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On the 53rd day of 2023, World Thinking Day is observed. The calendar year has 312 days left.

On the 53rd day of 2023, World Thinking Day is observed. The calendar year has 312 days left.

Girl Scouts and Girl Guides worldwide celebrate World Thinking Day on February 22 each year. This day is observed to express gratitude for the support and direction of brothers and sisters all over the world. In a broader sense, it is a day to reflect on our global brothers and sisters, address their concerns, and comprehend the true meaning of leadership.

The day was first celebrated in 1926, when it was originally known as Thinking Day. The idea to have a day to honor girl guides and scouts all over the world was presented at the fourth Girl Guides conference in the United States. The date of February 22 was mutually agreed upon as the World Thinking Day following discussion. Lord Baden-Powell, who is credited with starting the Boy Scout movement, was born on February 22 as well. The day was simply known as Thinking Day up until 1999, and it was mostly observed in the United States. World Thinking Day was given its new name in 1999 at the 30th Girl Scout conference in Belgium to reflect its global reach.

World Thinking Day is associated with numerous customs. Girl scouts and girl guides, for instance, climb Mount Eden and wave the Guide World Flag in Auckland, New Zealand. They also sing the World Song to express their gratitude for one another's assistance and support.

Girl scouts from various nations gather to discuss their leaders and colleagues in other parts of the world. In fact, the day's celebration begins on the weekend closest to the day, when girl guides and scouts gather to express gratitude and pledge to support the community for as long as possible.

An additional daytime custom involves a former Girl Scout lighting a candle by the window pane. The candle's light represents guiding light and the guiding light acting as illumination in the darkness, where problems and solutions are represented by darkness.

The World Association of Girl Guides and Scouts has begun adopting day themes over the past few years. In their conferences, these topics are then discussed, and solutions to global issues are proposed. The theme was "Think About Food" in 2005, and "We Can Save Our Planet" was the theme in 2012. "Do something about adolescent health issues," "Discover your potential," "Think about water," "Stop the spread of diseases," "Together we can end poverty," and "empowering girls will change the world" are some of the other themes that have been incorporated to this point.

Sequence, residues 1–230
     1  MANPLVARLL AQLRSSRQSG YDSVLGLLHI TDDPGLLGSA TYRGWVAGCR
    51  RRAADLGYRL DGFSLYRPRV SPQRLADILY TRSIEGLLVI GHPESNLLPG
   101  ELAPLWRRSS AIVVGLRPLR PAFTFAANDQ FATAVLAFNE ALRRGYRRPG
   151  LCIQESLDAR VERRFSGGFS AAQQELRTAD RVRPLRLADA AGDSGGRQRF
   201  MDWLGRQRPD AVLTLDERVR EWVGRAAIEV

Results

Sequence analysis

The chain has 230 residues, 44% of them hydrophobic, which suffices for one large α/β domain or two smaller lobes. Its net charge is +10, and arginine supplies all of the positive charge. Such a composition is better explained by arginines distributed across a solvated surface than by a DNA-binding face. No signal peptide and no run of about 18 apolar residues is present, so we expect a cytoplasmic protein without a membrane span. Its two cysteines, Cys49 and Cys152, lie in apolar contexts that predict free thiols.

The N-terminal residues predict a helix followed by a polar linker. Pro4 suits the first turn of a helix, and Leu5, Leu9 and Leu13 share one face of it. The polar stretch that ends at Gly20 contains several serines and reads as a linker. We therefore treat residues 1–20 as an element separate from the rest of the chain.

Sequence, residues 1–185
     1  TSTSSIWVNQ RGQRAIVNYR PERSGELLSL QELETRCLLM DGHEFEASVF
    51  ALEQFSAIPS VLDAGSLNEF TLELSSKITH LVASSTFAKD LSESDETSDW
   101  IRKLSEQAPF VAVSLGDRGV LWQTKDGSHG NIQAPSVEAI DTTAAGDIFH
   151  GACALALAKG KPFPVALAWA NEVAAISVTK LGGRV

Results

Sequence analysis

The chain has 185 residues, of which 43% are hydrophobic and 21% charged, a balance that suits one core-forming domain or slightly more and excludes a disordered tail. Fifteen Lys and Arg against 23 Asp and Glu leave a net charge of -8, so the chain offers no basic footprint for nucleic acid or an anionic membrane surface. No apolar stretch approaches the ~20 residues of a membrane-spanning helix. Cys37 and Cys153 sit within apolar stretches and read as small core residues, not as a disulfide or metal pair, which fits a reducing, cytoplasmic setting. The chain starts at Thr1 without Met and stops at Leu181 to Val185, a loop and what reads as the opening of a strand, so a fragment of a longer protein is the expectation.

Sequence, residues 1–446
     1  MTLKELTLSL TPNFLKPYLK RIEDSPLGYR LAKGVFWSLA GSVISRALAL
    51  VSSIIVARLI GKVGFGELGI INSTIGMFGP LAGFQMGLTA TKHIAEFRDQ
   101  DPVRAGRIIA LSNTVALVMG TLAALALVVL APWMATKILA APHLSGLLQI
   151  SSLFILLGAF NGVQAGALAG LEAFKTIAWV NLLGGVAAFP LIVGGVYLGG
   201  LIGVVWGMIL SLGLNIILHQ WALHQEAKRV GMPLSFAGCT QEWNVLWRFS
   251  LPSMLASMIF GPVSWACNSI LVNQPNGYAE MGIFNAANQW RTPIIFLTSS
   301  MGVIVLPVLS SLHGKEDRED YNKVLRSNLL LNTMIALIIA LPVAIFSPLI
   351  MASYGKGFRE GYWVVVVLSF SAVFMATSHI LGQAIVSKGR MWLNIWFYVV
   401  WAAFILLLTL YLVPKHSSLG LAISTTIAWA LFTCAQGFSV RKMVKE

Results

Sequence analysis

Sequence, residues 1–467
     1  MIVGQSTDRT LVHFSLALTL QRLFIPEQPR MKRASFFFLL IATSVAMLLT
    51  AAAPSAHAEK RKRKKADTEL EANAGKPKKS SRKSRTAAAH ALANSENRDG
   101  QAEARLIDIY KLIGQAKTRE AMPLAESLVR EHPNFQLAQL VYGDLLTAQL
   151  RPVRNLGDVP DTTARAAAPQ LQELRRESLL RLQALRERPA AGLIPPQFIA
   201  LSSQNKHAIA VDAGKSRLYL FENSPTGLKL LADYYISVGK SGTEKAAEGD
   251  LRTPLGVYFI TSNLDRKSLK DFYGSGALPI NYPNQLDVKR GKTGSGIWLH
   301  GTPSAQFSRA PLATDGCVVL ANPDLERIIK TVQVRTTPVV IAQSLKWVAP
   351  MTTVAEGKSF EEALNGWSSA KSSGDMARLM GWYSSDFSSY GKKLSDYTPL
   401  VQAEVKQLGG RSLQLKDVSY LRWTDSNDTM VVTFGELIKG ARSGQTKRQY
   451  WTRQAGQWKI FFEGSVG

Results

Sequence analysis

Even though girl scouts spend the majority of the day celebrating, boy scouts do so in some areas. The World Thinking Day Fund was established in 1932. Since the day falls on Lord Powell's birthday, it was suggested that it should be all about giving gifts. As a result, a fund was established so that girl scouts could make monetary contributions on their own to help those in need around the world.

World Reasoning Day:-

World Reasoning Day is praised every year by the Young lady Guides and Young lady Scouts across the world on the 22nd February.

The Girl Guides and Girl Scouts wanted a day to reflect on and appreciate the global spread of these movements, which led to the idea for Thinking Day. Thinking Day has been observed annually since 1926, which is more than 90 years ago.

It was decided that the day would be created and held on Lord Baden-Powell's birthday, the founder of the Girl Scout and Guide movements, when delegates from the Guide and Girl Scout organizations from around the world attended the 4th world conference.

At the 7th World Conference in Poland, a few years after the day began, it was suggested that birthdays typically involve gift-giving. Girls who were involved in the movement were suggested to participate in fundraising or give a gift to support the movement.

Olave Baden-Powell sent a letter to all Girl Guides and Girl Scouts asking for a penny to support the Girl Guiding and Girl Scout movements worldwide.

History of Thinking Day: Since its inception, Thinking Day has become a global way to support Girl Scouts and Girl Guides. Even if groups of Girl Guides and Scouts are located in different countries, they are still able to get to know and connect with other members of the Girl Guiding and Scouting community.

Thinking Day aims to bring together young people from all over the world to celebrate international fun and friendship, raise money, and focus on the year's global theme. Nearly 150 nations choose to participate in the celebrations.

The focus of Thinking Day shifts each year; This year, the theme is "Diversity, Equity, and Inclusion," and it is about treating other people with respect no matter what their background is. This year's theme is "equality for all," regardless of race, religion, age, nationality, ability, appearance, gender, identity, or experience.

There are 10 million Girl Guides and Girl Scouts in 150 countries, each with their own unique set of experiences, cultures, and upbringings. This year's Thinking Day aims to recognize the movement's incredible diversity.

Thinking Day typically focuses on a single nation. With the intention of enabling Girl Guides and Scouts from all over the world to better comprehend how other people live by conducting in-depth research on the nation, its culture, and its living conditions.